The database platform presented in this workshop was the MySQL relational database system, PHP was the web scripting language used to provide database access. Both of these packages are freely available for most platforms. Some time was spent discussing alternative approaches (including ASP and JSP), emphasizing the common concepts and tasks needed for web access to databases. Also included in the workshop were some practical topics on database design and implementation. The workshop consisted of a combination of lectures and hands-on laboratory sessions. Participants were able to develop an abbreviated prototype system of their choosing together with a suite of typical application pages.
The primary development tool used was Macromedia Dreamweaver. However, support for other development methods (e.g., raw text editing) were also provided.
Who Attended: Faculty members from any discipline and information technology professionals including librarians and computer staff who had the interest and desire to build a digital collection for education or research. Participants had at least a beginner-level understanding of web authoring with HTML or a development tool such as Dreamweaver. Participants were also familiar with basic programming concepts (e.g., variables, looping and decision structures), though this was not strictly necessary. No experience with relational databases was necessary.
Description: In this intermediate/advanced workshop for Macromedia Flash, participants planned, began and executed a Macromedia Flash project either for web-design and functionality, or for teaching and learning. (We looked at examples of both types of projects). Participants came with an idea for a project or a project already underway. Participants learned the basics of Actionscripting, video import and delivery via Flash, sound importing, and advanced techniques for using layers, symbols, and animation effects.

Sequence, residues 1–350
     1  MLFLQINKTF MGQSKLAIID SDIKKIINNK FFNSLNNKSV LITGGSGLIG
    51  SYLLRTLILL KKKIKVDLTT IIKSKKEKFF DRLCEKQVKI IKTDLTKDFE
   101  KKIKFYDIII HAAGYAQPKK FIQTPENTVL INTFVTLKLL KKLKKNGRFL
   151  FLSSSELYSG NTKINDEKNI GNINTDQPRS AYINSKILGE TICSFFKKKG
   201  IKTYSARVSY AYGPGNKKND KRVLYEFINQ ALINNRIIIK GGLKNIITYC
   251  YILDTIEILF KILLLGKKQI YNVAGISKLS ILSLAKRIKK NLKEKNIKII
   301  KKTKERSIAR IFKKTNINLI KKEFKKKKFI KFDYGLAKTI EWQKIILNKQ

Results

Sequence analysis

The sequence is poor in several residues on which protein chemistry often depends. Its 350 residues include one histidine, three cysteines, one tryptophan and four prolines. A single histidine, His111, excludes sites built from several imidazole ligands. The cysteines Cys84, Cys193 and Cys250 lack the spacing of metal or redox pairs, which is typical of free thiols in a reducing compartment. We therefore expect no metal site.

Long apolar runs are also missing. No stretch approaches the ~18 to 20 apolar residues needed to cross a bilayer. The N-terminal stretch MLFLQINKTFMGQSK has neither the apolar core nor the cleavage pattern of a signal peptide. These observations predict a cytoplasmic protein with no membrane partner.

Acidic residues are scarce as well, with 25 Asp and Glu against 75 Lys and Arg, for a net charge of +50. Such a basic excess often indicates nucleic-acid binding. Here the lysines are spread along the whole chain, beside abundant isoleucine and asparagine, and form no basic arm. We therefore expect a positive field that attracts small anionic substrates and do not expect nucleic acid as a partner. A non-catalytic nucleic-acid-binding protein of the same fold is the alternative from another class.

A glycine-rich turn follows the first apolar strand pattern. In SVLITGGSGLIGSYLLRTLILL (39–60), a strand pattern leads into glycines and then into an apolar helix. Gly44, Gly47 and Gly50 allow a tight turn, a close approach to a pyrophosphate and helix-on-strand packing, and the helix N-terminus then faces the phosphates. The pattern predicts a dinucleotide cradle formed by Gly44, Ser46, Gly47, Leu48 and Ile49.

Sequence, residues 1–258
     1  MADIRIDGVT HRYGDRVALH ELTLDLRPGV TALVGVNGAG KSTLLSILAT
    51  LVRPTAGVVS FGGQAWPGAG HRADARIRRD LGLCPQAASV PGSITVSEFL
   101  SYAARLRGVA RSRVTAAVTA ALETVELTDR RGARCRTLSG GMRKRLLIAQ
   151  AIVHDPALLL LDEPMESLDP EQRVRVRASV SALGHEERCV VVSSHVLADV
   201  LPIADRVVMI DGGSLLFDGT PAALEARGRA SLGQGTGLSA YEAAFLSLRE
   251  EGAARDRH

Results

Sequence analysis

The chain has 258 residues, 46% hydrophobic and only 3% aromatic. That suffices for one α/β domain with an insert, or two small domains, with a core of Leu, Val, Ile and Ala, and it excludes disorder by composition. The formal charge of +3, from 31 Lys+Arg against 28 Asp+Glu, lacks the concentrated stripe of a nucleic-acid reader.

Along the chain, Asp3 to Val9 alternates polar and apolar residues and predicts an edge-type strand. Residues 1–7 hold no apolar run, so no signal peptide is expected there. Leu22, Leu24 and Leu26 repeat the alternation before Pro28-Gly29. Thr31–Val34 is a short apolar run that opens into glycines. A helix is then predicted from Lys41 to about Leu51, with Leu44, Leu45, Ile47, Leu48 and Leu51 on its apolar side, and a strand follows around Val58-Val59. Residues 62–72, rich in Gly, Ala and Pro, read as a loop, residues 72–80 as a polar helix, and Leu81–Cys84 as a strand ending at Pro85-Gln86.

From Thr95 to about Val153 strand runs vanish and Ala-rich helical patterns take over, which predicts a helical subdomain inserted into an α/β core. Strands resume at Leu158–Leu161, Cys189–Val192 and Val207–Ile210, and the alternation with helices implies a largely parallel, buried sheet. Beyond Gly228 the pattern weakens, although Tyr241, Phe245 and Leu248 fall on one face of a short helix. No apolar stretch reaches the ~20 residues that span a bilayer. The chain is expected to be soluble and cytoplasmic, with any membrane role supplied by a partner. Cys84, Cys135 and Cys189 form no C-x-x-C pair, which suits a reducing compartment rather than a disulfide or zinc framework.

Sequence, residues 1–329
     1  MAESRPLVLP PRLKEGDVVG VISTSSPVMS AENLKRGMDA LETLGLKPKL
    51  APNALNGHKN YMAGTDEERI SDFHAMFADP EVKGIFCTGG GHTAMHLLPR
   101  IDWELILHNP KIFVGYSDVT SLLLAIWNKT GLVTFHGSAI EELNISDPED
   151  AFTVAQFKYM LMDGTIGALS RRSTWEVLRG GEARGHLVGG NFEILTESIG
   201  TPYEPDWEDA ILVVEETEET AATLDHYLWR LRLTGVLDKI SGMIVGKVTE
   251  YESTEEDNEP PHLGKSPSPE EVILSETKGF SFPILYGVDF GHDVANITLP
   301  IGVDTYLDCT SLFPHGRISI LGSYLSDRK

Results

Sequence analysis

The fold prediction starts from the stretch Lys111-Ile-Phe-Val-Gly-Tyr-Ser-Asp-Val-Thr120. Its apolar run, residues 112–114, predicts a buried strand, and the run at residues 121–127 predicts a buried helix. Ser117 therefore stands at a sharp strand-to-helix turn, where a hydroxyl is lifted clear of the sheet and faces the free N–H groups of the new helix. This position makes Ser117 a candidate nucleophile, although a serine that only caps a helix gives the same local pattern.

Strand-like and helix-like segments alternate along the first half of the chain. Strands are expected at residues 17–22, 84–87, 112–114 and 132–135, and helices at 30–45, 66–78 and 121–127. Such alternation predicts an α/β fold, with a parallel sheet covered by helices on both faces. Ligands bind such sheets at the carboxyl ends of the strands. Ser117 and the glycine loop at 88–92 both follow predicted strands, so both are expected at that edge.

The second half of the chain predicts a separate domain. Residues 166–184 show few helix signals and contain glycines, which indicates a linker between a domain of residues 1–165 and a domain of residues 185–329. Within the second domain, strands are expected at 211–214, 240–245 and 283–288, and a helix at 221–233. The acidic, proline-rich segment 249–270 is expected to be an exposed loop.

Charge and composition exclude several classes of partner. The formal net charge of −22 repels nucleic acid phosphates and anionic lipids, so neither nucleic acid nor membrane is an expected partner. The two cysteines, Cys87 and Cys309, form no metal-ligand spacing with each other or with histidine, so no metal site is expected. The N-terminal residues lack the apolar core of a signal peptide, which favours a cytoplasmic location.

Who attended: This work session was intended for instructional technologists, web designers and developers, and faculty who had at least 6 months continuous experience using graphic design image editing software (such as Macromedia Flash, Fireworks, Photoshop, Illustrator) and were also comfortable with the basics of optimizing images for web delivery, web design and usability. In terms of the Flash interface, it was assumed that participants were familiar with the timeline, layers, property inspector, library, as well as basic animation (shape tweening, frame by frame, and motion tweening), symbols and instances (graphic, button, and movie clip), and the different Flash-supported export formats.
The three areas of concentration
2. The production of the second annual ACS New Music Festival featuring works by faculty, student, and guest composers. Among the works performed was the winning pieces from the 2003 Student Composition Contest. In addition to the new compositions were two works in the Classics of the 20th Century category. Featured this year were Schoenberg's Pierrot Lunaire and George Crumb's Voice of the Whale. There were four concerts resulting from collaborations between ACS faculty, students, and guests artists.
3. Sound and video recording and editing. These sessions were designed for those interested in recording concerts and making demos. Presenters discussed recording equipment, placement, and editing software. As part of the sessions participants made recordings of some of the Festival concerts.
Who attended: Faculty who were interested in using technology in the classroom or as an aid in a variety of collaborations among member institutions.
Fall 2003 IT Staff Retreat - October 16-19, ACS Technology Center